Connery Returns: “Diamonds are Forever” (1971)

James Bond (Sean Connery- at 40 y.o. w/ bushier eyebrows) has a new mission- find out who has been smuggling diamonds. He takes on the identity of “transport consultant” Peter Franks and joins up w/ Tiffany Case (Jill St. John), an American diamond smuggler. Mr. Wint (Bruce Glover- father of Crispin) and Mr. Kidd (Putter Smith) are the dangerous/eccentric duo tailing Bond. Ernst Stavro Blofeld (Charles Gray- who played a British ally in You Only Live Twice) also has his hand in this game; he has changed his looks (again). Can Bond finally defeat his ultimate enemy?

M: We do function in your absence, Commander.

George Lazenby was asked to make a second Bond movie, but declined. Burt Reynolds was the first choice to replace him, but was unavailable. Roger Moore was offered the role of Bond, but he was unavailable due to his commitment to a TV series. Tall/handsome Mexican-American actor John Gavin (best known for his supporting role in Psycho) was signed to play Bond in this movie. Adam West turned down the role b/c felt that Bond should be a British actor. Michael Gambon turned down the role because he was “in terrible shape.” At the last minute, Connery agreed to return as Bond; Connery was paid $1.25M (a figure unheard of in those days); he donated it to the Scottish Education Fund (which is awesome)! Albert R. Broccoli insisted that Gavin be paid the full salary, for which his contract called.

[Tiffany Case opens the door almost nude]

Bond: That’s quite a nice little nothing you’re almost wearing. I approve.

Tiffany: I don’t dress for the hired help. Let’s see your passport, Franks.

[Bond gives her his passport. She looks it over]

Tiffany: Occupation: Transport Consultant? It’s a little cute isn’t it? I’ll finish dressing.

Bond: Oh, please don’t, not on my account.

Tiffany (the first American Bond Girl) is argumentative, loud, and brash when compared to previous Bond girls; she was meant to be a commentary on American women. Actresses considered for the role of Tiffany included Raquel Welch, Jane Fonda and Faye Dunaway. Jill St. John had originally been offered the part of Plenty O’Toole, but landed the lead after impressing director Guy Hamilton during screentests. Tiffany’s home was actually owned by Kirk Douglas- how cool!

[Mr. Kidd spots Bond and Tiffany at the airplane. He returns to his seat]

Mr. Kidd: [to Mr. Wint] They’re both aboard. I must say Miss Case seems quite attractive…


Mr. Kidd: …for a lady.

[Mr. Wint glares at Mr. Kidd]

Mr. Kidd: Heh heh heh heh!

[Mr. Wint, unamused, still glares at Mr. Kidd]

Producers cast Lana Wood (sister of Natalie) as Plenty O’Toole after seeing her in Playboy. Her voice was dubbed and she is standing on a box for some of her scenes w/ Connery (b/c even in high heels, she was too small to fit into the frame w/ him). Unlike her sister, Lana is a very wooden (pardon the pun). Willard Whyte (Jimmy Dean- best known for his sausage commercials) was based on Howard Hughes. Whyte owned the Whyte House in this movie; Hughes owned a real Las Vegas hotel (the Desert Inn). Dean was an employee of Hughes at the Desert Inn; he later confessed that he was uneasy portraying a fictional version of his boss. Shady Tree (Leonard Barr) is based on veteran Vegas comedian Shecky Greene.

[while fumbling inside the pipeline, Bond sees a rat]

Bond: Well, one of us smells like a tart’s handkerchief. [sniffs] I’m afraid it’s me. Sorry, old boy.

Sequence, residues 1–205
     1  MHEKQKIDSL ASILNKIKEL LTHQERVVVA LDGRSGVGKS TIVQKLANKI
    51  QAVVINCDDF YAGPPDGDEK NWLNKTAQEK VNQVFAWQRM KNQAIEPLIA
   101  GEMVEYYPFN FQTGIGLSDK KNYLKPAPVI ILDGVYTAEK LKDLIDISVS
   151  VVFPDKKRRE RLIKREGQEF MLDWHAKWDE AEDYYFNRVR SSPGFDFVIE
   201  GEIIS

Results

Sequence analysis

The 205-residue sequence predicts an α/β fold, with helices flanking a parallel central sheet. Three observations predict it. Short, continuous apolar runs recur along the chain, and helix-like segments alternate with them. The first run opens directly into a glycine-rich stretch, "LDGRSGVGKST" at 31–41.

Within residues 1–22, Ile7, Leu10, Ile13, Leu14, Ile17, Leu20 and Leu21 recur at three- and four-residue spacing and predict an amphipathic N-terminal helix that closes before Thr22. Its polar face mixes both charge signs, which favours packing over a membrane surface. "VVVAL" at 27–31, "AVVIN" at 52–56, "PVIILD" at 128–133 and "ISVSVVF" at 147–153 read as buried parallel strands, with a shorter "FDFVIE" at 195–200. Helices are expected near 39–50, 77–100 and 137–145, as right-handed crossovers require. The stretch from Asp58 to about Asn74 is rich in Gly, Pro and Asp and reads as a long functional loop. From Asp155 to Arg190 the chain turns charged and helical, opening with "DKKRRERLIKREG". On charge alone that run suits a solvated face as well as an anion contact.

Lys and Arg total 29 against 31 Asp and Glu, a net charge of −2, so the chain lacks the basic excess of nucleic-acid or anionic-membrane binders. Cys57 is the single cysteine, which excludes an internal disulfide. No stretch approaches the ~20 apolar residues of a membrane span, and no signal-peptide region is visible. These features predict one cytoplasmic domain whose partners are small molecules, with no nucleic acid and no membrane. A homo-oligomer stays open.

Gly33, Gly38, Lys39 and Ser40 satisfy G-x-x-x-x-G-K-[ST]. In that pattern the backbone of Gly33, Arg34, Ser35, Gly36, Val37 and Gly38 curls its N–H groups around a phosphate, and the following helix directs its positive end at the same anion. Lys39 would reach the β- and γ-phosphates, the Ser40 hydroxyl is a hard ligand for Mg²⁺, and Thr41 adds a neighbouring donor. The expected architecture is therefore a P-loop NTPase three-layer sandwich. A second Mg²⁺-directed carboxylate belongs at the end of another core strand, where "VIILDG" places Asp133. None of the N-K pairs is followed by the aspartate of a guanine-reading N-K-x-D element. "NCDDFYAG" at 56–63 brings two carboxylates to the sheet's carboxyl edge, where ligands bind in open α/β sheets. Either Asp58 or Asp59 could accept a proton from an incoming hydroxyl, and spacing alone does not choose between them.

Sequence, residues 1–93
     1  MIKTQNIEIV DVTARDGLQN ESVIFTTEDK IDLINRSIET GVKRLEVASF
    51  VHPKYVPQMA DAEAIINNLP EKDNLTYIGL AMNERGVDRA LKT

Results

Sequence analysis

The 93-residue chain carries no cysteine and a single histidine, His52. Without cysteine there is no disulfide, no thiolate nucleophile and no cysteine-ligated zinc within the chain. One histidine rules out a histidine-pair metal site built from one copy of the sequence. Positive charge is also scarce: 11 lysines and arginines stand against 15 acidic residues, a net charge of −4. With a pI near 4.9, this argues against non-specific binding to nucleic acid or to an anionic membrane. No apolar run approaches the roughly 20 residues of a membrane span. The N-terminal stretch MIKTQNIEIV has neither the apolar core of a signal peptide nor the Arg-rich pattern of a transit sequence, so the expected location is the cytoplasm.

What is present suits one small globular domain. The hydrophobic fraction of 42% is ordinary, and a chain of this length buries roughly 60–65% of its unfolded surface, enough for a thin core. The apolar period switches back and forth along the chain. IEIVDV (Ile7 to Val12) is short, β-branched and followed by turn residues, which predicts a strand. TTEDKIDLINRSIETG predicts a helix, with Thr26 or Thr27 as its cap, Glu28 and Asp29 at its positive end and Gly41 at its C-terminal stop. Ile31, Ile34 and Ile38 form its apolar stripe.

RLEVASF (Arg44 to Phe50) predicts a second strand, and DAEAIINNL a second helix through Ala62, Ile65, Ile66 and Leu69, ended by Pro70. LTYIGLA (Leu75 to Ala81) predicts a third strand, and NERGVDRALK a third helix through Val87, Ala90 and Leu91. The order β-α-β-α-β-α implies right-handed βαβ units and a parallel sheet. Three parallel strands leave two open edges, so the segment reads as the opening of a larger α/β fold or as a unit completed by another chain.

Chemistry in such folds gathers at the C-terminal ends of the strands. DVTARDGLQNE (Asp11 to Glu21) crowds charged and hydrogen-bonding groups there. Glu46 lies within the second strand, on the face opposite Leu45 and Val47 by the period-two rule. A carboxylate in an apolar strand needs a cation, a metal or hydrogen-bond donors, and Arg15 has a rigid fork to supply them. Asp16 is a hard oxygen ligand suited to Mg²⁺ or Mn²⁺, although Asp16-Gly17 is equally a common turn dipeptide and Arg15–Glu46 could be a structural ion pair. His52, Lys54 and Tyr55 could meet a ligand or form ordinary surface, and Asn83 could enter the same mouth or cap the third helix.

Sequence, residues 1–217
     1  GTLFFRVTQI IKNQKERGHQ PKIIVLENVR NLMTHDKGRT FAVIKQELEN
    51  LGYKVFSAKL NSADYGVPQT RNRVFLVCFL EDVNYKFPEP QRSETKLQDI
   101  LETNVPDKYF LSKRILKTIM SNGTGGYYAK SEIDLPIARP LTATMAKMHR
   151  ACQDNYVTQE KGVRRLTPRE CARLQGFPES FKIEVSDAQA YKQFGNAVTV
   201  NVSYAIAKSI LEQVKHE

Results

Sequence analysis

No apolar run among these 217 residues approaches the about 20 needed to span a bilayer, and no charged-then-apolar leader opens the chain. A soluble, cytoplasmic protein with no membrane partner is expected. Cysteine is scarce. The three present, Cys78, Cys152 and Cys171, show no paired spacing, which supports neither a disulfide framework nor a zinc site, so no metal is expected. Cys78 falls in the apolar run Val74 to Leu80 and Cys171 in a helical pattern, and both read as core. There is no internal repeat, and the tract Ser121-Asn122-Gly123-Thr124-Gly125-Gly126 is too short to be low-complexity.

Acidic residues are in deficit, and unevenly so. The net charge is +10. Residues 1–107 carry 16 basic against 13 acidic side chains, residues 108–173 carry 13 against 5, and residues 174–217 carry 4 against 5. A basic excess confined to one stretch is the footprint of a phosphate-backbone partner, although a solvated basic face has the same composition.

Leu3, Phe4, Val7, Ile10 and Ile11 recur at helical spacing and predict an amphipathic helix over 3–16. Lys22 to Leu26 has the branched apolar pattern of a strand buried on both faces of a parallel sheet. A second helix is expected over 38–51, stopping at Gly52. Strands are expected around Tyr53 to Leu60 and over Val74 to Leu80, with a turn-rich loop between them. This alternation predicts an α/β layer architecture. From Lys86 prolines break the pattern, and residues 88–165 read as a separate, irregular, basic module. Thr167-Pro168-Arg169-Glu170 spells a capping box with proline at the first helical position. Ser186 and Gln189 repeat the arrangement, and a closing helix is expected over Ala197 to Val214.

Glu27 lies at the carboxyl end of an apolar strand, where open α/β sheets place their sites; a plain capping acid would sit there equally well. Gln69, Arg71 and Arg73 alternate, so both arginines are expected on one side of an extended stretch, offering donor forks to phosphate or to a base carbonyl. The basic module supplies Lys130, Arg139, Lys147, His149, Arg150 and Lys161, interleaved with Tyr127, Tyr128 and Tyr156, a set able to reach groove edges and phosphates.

One of the first things I noticed re: this movie- it looks a BIT cheap (and NOT only b/c it’s set mainly in Vegas). Because of Connery’s high fee, the special effects budget was scaled back. Bond’s escape through a moon landing “movie set” refers to the popular conspiracy theory of the time that the real moon landings were faked. This may be confusing to some (younger) viewers- LOL! The Moon Buggy was inspired by an actual N.A.S.A. vehicle, but w/ additions like flailing arms (as the producers thought it didn’t look “outrageous” enough). It was capable of road speeds; the fiberglass tires had to be replaced during the chase sequence b/c the heat and desert soil ruined them.

Some scenes here have NOT aged well! Plenty is caught by some thugs, wearing nothing but her underwear and high heels, and tossed into the pool. Some fans/critics noted that this has misogynistic undertones. The same can be said of the opening teaser scene where Bond interrogates a woman by pulling up her bikini top and nearly strangling her w/ it. Wint and Kidd hold hands in one scene and banter like a romantic couple; some viewers felt this portrayal wasn’t so bad, but others called it homophobic.

[1] …Sean Connery is back–too bad the film, in many ways, sucked. That’s because by now, the plots seemed more like comic books and the character of Bond seemed more like self-parody than anything else. While in the past Connery played his character rather straight, here he was playing a smirking and smug guy–as if he was looking at the camera and saying “ain’t I cute?”

[2] …we have a tacky script that relies too much on slapstick and unfocused direction. And the acting is not great, Sean Connery is my favourite Bond mainly due to his suavity and charisma but he seems bored and uninterested here and gives an unusually flat performance in the role…

[3] The globe-trotting action takes in Amsterdam and Las Vegas this time around, culminating with an explosive action set-piece on an oil rig in the Atlantic. There are many varied locations used, from action in hotel rooms, circuses, gambling halls and even the desert. There are only two chase scenes in the movie but both are goodies… […] Finally, the action set-pieces are also rather good. The standout is a fight to the death in an old-fashioned lift, of all places, featuring Connery going fist-to-fist with boxer Joe Robinson.

[4] When he first showed up on screen I was taken aback by his aged appearance, looking quite much older than his forty years at the time. […] Story wise, the diamond smuggling concept started out strong but seemed to get frittered away as the film progressed.